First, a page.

Our brain is an über-processing hub comprising 100 billion neurons, each with around 10,000 connections. Scanning techniques such as magnetic resonance imaging can highlight active areas, but tell us little about how the brain is wired. Scientists working together on the Human Connectome Project are mapping the brain’s wiring system to help identify glitches. Here, a technique called diffusion tensor imaging measures water diffusing in different directions through the brain. In this side-on view, each colour traces the route of one of the brain’s ‘wires’ – white matter tracts consisting of nerve fibre bundles ‘insulated’ with fatty myelin. The more tightly packed the bundles of white matter, the less water can diffuse. This translates into a spectrum of colours when the data are processed and visualised on a map. A colour-coded wiring map of the brain will direct doctors to damaged connections, and help them locate and treat brain disorders.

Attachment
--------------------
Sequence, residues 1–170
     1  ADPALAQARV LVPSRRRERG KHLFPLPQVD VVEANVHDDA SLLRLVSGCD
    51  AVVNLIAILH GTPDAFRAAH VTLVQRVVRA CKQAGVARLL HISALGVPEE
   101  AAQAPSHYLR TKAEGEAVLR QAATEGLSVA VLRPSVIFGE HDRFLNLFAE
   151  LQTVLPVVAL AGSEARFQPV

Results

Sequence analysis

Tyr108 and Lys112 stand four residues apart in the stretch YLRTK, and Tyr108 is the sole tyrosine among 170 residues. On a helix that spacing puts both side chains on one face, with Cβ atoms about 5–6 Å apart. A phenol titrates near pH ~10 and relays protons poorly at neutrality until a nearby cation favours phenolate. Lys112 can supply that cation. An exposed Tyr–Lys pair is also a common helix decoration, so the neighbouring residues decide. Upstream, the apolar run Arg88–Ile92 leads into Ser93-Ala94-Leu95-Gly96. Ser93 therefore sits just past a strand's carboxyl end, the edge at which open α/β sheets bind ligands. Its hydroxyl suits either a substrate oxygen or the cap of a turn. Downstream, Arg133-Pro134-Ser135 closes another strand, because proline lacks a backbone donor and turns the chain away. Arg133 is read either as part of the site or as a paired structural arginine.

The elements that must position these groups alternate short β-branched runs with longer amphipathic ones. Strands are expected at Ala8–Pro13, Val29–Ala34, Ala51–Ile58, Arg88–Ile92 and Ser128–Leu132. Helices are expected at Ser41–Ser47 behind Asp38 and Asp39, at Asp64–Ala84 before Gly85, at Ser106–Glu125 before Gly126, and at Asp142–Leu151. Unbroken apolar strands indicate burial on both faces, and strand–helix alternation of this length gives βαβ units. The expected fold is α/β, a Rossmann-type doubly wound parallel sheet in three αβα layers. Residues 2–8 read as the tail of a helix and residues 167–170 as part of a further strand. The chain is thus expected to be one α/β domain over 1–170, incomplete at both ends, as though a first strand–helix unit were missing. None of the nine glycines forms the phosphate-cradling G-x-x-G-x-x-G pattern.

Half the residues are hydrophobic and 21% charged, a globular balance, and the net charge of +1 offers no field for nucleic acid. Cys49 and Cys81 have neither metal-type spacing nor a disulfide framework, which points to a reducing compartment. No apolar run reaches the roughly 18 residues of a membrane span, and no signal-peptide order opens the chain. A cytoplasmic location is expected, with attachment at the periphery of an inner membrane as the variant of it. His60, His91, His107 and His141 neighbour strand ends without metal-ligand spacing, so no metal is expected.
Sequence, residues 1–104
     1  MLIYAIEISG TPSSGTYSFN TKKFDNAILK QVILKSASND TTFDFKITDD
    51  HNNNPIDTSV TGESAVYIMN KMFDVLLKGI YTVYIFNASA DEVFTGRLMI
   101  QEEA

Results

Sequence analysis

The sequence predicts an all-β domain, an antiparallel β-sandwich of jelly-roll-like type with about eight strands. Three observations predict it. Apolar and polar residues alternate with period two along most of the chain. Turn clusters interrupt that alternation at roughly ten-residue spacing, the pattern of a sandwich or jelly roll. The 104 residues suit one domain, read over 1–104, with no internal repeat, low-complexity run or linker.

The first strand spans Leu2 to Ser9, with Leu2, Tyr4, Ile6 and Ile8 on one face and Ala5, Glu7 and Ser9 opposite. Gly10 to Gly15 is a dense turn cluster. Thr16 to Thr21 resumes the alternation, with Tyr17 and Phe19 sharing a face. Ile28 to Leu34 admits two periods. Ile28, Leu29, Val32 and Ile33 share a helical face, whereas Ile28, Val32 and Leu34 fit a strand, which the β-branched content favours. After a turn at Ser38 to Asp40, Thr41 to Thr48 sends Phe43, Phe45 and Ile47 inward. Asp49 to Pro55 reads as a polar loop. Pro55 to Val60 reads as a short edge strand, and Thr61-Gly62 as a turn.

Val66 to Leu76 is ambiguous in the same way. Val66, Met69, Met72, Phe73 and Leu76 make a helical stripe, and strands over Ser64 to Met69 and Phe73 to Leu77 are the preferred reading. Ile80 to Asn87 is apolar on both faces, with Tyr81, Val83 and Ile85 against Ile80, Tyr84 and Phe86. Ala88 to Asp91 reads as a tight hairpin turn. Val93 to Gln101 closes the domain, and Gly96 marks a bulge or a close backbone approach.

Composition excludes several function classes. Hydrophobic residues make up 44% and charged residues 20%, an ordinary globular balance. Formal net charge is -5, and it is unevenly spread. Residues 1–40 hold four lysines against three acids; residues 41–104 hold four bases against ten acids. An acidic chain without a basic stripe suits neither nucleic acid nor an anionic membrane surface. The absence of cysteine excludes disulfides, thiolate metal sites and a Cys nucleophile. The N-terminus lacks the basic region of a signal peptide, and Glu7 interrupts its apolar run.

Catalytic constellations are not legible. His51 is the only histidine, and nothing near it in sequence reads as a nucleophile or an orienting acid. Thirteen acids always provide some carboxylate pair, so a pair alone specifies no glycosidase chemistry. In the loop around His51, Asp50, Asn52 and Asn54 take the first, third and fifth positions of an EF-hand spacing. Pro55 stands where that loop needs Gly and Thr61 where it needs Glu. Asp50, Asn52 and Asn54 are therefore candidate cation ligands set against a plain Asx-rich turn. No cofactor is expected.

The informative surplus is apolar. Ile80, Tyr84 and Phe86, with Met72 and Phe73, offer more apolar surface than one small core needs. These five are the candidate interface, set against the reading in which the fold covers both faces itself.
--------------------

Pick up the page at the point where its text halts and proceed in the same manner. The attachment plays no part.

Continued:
Written by Caroline Cross
BPoD stands for Biomedical Picture of the Day. Managed by the MRC London Institute of Medical Sciences the website aims to engage everyone, young and old, in the wonders of biomedicine. Images are kindly provided for inclusion on this website through the generosity of scientists across the globe.
BPoD is also available in Catalan at www.bpod.cat with translations by the University of Valencia.